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Sentinel Landscape Partnership Announced at Fort Huachuca and NAS Patuxent River-Atlantic Test Ranges
Office of the Secretary
Partnership will enhance military readiness and strengthen rural economies
Last edited 4/26/2016
WASHINGTON, DC, April 8, 2015 – The Departments of Agriculture, Defense, and Interior today designated as Sentinel Landscapes Fort Huachuca (Arizona) and Naval Air Station Patuxent River-Atlantic Test Ranges (Maryland). The 2nd and 3rd landscapes designated under the growing effort, the collaborative Sentinel Landscape Partnership supports efforts to promote working lands, protect wildlife habitat, and ensure military readiness at military bases across the country.
Fort Huachuca and NAS Patuxent River-Atlantic Test Ranges will build on the initial Sentinel Landscape designation of Joint Base Lewis-McChord, Washington, in 2013. That highly successful effort aims to protect and restore more than 8,000 acres of the vanishing South Puget Sound prairie landscape by 2020 and enable the reintroduction of federally-protected native species like the Taylor's checkerspot butterfly.
“The Sentinel Landscapes program provides an important way to engage partners in proactive conservation while helping ensure the preservation of working landscapes and our military readiness,” said Interior Secretary Sally Jewell. “Military lands are often home to some of our nation's best remaining habitat for wildlife, and provide an excellent opportunity to conserve species that are threatened or endangered. We congratulate Fort Huachuca and NAS Patuxent River and look forward to further collaborative efforts like these across the country.”
Both locations encompass vital military ranges needed to test and train with new and advanced aircraft and communications systems necessary to meet new threats as they arise. The Sentinel Landscapes Partnership aims to preserve the working and natural lands most compatible with the military's need for relatively undeveloped environments to conduct its sensitive testing mission.
“This partnership is a great example of coordination and collaboration across the federal government and with private partners, demonstrating that we can have an impact well beyond what a single partner or agency can accomplish on its own,” said Agriculture Secretary Tom Vilsack. “By connecting local citizens and organizations with our shared resources that best address their priorities, we are able to protect working lands, improve our military readiness and propel rural economic growth.”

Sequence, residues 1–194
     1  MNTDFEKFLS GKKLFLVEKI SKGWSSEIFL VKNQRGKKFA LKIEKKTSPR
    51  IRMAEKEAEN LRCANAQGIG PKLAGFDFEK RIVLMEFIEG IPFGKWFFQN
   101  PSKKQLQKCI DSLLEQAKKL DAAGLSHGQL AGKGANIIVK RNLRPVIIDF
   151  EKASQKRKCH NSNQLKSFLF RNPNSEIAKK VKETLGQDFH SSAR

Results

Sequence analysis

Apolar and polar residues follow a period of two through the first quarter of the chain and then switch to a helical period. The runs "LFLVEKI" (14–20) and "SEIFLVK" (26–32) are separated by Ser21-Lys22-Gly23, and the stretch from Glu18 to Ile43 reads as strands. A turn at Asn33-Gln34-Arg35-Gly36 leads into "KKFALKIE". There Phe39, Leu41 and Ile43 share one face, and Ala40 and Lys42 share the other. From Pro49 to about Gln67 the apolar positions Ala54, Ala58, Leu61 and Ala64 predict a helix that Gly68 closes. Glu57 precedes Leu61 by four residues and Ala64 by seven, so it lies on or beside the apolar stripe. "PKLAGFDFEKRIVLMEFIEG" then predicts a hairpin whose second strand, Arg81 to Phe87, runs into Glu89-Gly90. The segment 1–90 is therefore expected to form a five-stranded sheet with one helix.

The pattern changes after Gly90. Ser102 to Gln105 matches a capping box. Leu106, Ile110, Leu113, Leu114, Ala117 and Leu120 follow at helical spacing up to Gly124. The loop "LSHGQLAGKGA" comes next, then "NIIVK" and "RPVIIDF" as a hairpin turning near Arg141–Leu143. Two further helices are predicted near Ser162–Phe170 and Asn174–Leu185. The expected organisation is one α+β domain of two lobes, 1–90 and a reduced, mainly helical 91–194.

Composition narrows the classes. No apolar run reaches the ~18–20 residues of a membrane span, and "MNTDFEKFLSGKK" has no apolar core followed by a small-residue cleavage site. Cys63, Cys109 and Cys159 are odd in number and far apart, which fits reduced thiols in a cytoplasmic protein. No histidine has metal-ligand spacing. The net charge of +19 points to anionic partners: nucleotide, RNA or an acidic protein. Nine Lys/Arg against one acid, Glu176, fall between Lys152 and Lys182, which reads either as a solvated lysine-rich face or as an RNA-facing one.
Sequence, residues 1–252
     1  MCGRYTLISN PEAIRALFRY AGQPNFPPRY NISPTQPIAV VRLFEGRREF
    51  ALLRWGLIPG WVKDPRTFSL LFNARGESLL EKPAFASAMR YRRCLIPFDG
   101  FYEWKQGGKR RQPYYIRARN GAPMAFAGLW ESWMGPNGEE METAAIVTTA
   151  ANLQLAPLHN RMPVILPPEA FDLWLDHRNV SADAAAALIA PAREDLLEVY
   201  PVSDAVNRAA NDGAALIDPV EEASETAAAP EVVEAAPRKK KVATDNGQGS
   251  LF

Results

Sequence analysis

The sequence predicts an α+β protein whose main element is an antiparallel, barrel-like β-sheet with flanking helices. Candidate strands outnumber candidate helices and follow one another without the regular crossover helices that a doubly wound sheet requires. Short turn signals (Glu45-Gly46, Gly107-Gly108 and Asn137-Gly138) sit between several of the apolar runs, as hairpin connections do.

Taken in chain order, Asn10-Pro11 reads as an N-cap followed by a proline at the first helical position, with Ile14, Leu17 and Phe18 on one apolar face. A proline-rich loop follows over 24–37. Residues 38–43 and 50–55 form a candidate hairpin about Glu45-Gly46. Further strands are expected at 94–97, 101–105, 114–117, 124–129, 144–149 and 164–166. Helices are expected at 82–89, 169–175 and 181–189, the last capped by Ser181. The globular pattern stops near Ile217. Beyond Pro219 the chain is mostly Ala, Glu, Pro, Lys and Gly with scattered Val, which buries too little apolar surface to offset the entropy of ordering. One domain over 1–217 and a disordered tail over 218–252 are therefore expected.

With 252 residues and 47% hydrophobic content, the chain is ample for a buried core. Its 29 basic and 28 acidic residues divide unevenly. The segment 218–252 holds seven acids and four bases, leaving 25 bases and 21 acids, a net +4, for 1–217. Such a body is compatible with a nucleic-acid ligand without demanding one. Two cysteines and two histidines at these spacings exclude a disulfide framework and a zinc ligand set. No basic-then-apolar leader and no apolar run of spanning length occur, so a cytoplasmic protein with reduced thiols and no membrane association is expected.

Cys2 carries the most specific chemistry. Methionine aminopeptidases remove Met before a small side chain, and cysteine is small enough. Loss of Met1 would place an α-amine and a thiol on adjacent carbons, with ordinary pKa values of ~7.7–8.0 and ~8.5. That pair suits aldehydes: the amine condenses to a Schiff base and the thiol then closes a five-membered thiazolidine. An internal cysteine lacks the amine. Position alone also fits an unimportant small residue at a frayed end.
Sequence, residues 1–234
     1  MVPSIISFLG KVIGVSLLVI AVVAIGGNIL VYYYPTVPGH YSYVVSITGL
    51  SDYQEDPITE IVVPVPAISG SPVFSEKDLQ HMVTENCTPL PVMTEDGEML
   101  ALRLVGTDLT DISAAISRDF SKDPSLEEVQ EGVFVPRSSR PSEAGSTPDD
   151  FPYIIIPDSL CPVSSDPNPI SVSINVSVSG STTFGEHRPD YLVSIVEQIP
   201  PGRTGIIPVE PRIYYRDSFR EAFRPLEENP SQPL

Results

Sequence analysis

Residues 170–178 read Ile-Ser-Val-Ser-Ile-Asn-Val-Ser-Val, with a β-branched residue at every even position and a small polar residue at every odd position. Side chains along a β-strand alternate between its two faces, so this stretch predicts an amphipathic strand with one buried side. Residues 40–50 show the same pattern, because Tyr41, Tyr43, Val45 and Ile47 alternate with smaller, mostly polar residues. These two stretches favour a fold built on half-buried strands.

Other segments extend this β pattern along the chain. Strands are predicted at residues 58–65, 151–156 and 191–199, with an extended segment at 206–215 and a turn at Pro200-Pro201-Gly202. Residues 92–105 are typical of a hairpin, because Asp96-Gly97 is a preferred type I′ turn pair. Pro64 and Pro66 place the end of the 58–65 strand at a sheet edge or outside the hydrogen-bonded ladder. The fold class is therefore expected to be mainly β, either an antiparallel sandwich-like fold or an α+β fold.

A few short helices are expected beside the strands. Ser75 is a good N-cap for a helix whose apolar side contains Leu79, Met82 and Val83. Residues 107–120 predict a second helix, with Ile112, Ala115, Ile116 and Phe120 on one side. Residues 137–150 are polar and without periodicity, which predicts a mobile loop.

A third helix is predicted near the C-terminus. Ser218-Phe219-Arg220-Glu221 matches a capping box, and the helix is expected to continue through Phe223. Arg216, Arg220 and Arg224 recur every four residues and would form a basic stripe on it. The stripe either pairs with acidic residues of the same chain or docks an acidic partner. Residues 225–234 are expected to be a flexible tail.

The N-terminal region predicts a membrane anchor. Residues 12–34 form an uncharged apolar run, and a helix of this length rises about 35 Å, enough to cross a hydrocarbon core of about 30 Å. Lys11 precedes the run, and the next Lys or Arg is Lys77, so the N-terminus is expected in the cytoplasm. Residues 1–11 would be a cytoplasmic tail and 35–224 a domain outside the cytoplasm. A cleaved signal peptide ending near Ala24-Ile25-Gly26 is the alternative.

Within the Fort Huachuca Sentinel Landscape, the U.S. Forest Service, Natural Resources Conservation Service, Fish and Wildlife Service, and DoD are working with the Arizona Land and Water Trust, the Arizona Department of Forestry, and more than 40 other local, state, and federal partners to discourage incompatible land development, preserve native grassland and working ranches, and ensure the availability of scarce groundwater resources for the entire region. Priorities include grassland and wetland restoration efforts around the Babocomari and Upper San Pedro Rivers – key habitat for the Chiricahua leopard frog, yellow-billed cuckoo, southwestern flycatcher, ocelot, and jaguar; implementation of the State of Arizona's Forest Action Plan; and conservation of nearly 5,000 acres of working ranchlands, all of which will buffer and protect Fort Huachuca's mission as the leading unmanned aircraft system training center in the western United States.
In the Chesapeake Bay region, NAS Patuxent River has already protected nearly 3,000 acres of surrounding agricultural, wildlife, and conservation lands using funding from multiple state and federal agencies. Protecting lands beneath its Atlantic Test Ranges reduces noise and safety concerns, preventing costly testing delays, and protects one of the most vulnerable wildlife corridors along the Nanticoke River, home to species such as the Delmarva Peninsula fox squirrel and the American burying beetle.
The U.S. Fish and Wildlife Service, Chesapeake Conservancy, The Nature Conservancy, Natural Resources Conservation Service, and many state and other non-governmental partners are working together to ensure that the lands in and around the Navy's premier aircraft research, development, test, and evaluation area continue to support working farms, high-priority fishing and recreational opportunities and sustain more than 260 rare plants and animals.
“What excites me the most about this announcement,” said John Conger, performing the duties of Assistant Secretary of Defense for Energy, Installations and Environment, “is how this partnership will protect the test missions at Pax River and Fort Huachuca. The Sentinel Landscapes will be a magnet for conservation activities, but the real motivation at DoD is creating the buffer we need to protect these critical missions.”
Together, the Sentinel Landscape partner agencies, along with state, private, and non-profit partners, have committed over $25 million in funding to Fort Huachuca and NAS Patuxent River-Atlantic Test Ranges from 2014 to 2017 to conserve and restore habitat, implement conservation practices on working lands, and build strong local economies in Arizona, Delaware, and Maryland.
USDA, DoD, and Interior will continue to work together to identify opportunities to designate Sentinel Landscapes at keystone locations across the United States. The program represents one of the newer innovations the Administration has chartered under species protection. Sentinel Landscapes demonstrate how perceived incompatibilities in land use can coexist, and shows why the Endangered Species Act is an important tool to build partnership and build community.
For more information on the Sentinel Landscapes Partnership, including project specific fact sheets, please visit www.sentinellandscapes.org.